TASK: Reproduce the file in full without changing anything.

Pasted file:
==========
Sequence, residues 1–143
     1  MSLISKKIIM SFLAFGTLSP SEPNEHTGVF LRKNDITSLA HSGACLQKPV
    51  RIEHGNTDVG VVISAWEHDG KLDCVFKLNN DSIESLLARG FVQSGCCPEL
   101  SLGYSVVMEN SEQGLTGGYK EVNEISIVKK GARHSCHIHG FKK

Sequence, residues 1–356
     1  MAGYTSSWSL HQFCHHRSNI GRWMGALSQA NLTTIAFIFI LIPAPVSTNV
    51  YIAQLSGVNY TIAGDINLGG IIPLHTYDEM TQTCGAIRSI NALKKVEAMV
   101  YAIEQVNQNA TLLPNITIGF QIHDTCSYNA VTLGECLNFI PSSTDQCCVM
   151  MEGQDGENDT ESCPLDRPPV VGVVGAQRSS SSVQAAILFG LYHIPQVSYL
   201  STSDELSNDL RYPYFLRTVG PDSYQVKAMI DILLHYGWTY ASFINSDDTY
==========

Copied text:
Sequence, residues 1–143
     1  MSLISKKIIM SFLAFGTLSP SEPNEHTGVF LRKNDITSLA HSGACLQKPV
    51  RIEHGNTDVG VVISAWEHDG KLDCVFKLNN DSIESLLARG FVQSGCCPEL
   101  SLGYSVVMEN SEQGLTGGYK EVNEISIVKK GARHSCHIHG FKK

Sequence, residues 1–356
     1  MAGYTSSWSL HQFCHHRSNI GRWMGALSQA NLTTIAFIFI LIPAPVSTNV
    51  YIAQLSGVNY TIAGDINLGG IIPLHTYDEM TQTCGAIRSI NALKKVEAMV
   101  YAIEQVNQNA TLLPNITIGF QIHDTCSYNA VTLGECLNFI PSSTDQCCVM
   151  MEGQDGENDT ESCPLDRPPV VGVVGAQRSS SSVQAAILFG LYHIPQVSYL
   201  STSDELSNDL RYPYFLRTVG PDSYQVKAMI DILLHYGWTY ASFINSDDTY